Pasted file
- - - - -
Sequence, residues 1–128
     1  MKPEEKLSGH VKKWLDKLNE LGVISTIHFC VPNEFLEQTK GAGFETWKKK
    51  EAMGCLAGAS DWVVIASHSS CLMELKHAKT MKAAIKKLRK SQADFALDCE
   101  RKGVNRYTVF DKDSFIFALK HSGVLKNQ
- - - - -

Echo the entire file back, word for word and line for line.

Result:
Sequence, residues 1–128
     1  MKPEEKLSGH VKKWLDKLNE LGVISTIHFC VPNEFLEQTK GAGFETWKKK
    51  EAMGCLAGAS DWVVIASHSS CLMELKHAKT MKAAIKKLRK SQADFALDCE
   101  RKGVNRYTVF DKDSFIFALK HSGVLKNQ